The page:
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Drought shuts restrooms at some state parks

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POSTED July 11, 2014 8:39 p.m.

SACRAMENTO  (AP) — California’s drought is beginning to dry up the water supplies for some state parks, including some of the system’s most popular places.

Restrooms with flush toilets have been closed at D.L. Bliss State Park at Lake Tahoe, the Hearst Castle Visitor Center and Hearst San Simeon State Park, replaced with portable toilets. The showers at D.L. Bliss, San Simeon and Portola Redwoods State Park also are shut down.

Each park relies on a local water supply, and in some cases, that’s a creek or spring. D.L. Bliss, which gets more than 12,000 campers a year, relies on a spring that dropped noticeably just before the Fourth of July weekend.

What water remains at the affected parks is being reserved for potable water at individual campsites and for firefighting, California Department of Parks and Recreation spokeswoman Vicky Waters told The Associated Press on Friday.

Some of the closures, such as at D.L. Bliss, are coming at the height of camping season. She said campers who have reservations are being notified through automated phone calls and will be allowed to cancel without penalty.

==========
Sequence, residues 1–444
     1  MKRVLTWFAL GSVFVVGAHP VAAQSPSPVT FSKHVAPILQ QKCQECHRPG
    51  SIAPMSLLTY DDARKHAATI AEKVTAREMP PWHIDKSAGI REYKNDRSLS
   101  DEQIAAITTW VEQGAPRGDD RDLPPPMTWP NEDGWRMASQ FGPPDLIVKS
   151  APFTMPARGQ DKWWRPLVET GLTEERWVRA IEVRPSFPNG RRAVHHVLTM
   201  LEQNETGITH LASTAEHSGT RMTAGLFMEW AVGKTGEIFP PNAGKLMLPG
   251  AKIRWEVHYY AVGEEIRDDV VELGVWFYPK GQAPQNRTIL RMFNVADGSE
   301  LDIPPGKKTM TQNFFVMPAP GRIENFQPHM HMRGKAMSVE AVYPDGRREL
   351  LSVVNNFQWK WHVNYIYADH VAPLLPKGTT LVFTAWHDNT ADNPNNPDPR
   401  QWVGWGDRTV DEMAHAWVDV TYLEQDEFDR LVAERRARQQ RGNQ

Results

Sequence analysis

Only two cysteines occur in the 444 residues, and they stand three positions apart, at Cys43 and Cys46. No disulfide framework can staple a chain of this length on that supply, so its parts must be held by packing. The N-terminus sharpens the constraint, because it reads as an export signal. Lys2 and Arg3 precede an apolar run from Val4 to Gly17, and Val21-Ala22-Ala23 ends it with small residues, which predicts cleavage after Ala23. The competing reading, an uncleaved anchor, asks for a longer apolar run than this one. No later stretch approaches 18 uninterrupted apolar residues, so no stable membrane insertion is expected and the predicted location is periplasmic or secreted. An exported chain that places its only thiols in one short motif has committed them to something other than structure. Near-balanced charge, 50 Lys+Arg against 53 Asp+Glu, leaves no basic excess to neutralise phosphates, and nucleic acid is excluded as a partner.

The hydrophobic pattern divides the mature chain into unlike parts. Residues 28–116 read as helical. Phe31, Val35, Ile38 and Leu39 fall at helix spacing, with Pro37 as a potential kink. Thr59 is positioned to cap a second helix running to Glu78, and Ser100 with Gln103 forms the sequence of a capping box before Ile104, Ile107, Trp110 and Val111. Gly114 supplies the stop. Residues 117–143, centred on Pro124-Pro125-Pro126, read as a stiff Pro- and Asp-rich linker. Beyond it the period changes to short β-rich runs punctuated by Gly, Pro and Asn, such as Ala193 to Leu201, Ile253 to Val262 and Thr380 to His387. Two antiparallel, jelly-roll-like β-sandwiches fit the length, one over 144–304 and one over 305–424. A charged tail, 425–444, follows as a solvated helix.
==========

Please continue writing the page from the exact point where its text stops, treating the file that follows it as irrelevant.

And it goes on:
“We’re really trying to minimize the impact to our visitors because we know how important it is ... but we’re in this situation across the state,” Waters said.

The Hearst Castle Visitor Center receives 660,000 visitors a year, while the nearby San Simeon campground receives 83,000.

Waters said many parks, especially those in remote areas, have limited control over their water supplies. She said the department has taken steps to reduce consumption at all its parks and is monitoring the water supplies throughout the system.

At D.L. Bliss, popular for its sandy beach, crystal clear water and proximity to Tahoe’s Emerald Bay, it is the first time the park has ever had to close bathrooms or showers because of a lack of water, District Superintendent Marilyn Linkem said.

She was notified July 2, just ahead of the holiday weekend, that the amount of water coming in from the spring that supplies the park was not keeping up with the demand. That prompted the closure of the showers and flush toilets in a park that typically swarms with families throughout summer.

Some visitors were upset, she said, but others understood because they’re already aware of the severity of the state’s drought.

If the spring runs completely dry, she said the park is considering trucking in water to maintain potable sources at the campsites through Labor Day weekend. Meanwhile, the portable toilets are costing $1,200 a week, according to the state parks department.

Linkem said the park staff realizes the inconvenience to campers who made reservations months ago expecting flush toilets and showers.

“It’s hard for us, too. We’re used to providing quality customer services,” she said. “We’re doing the best we can.”

 

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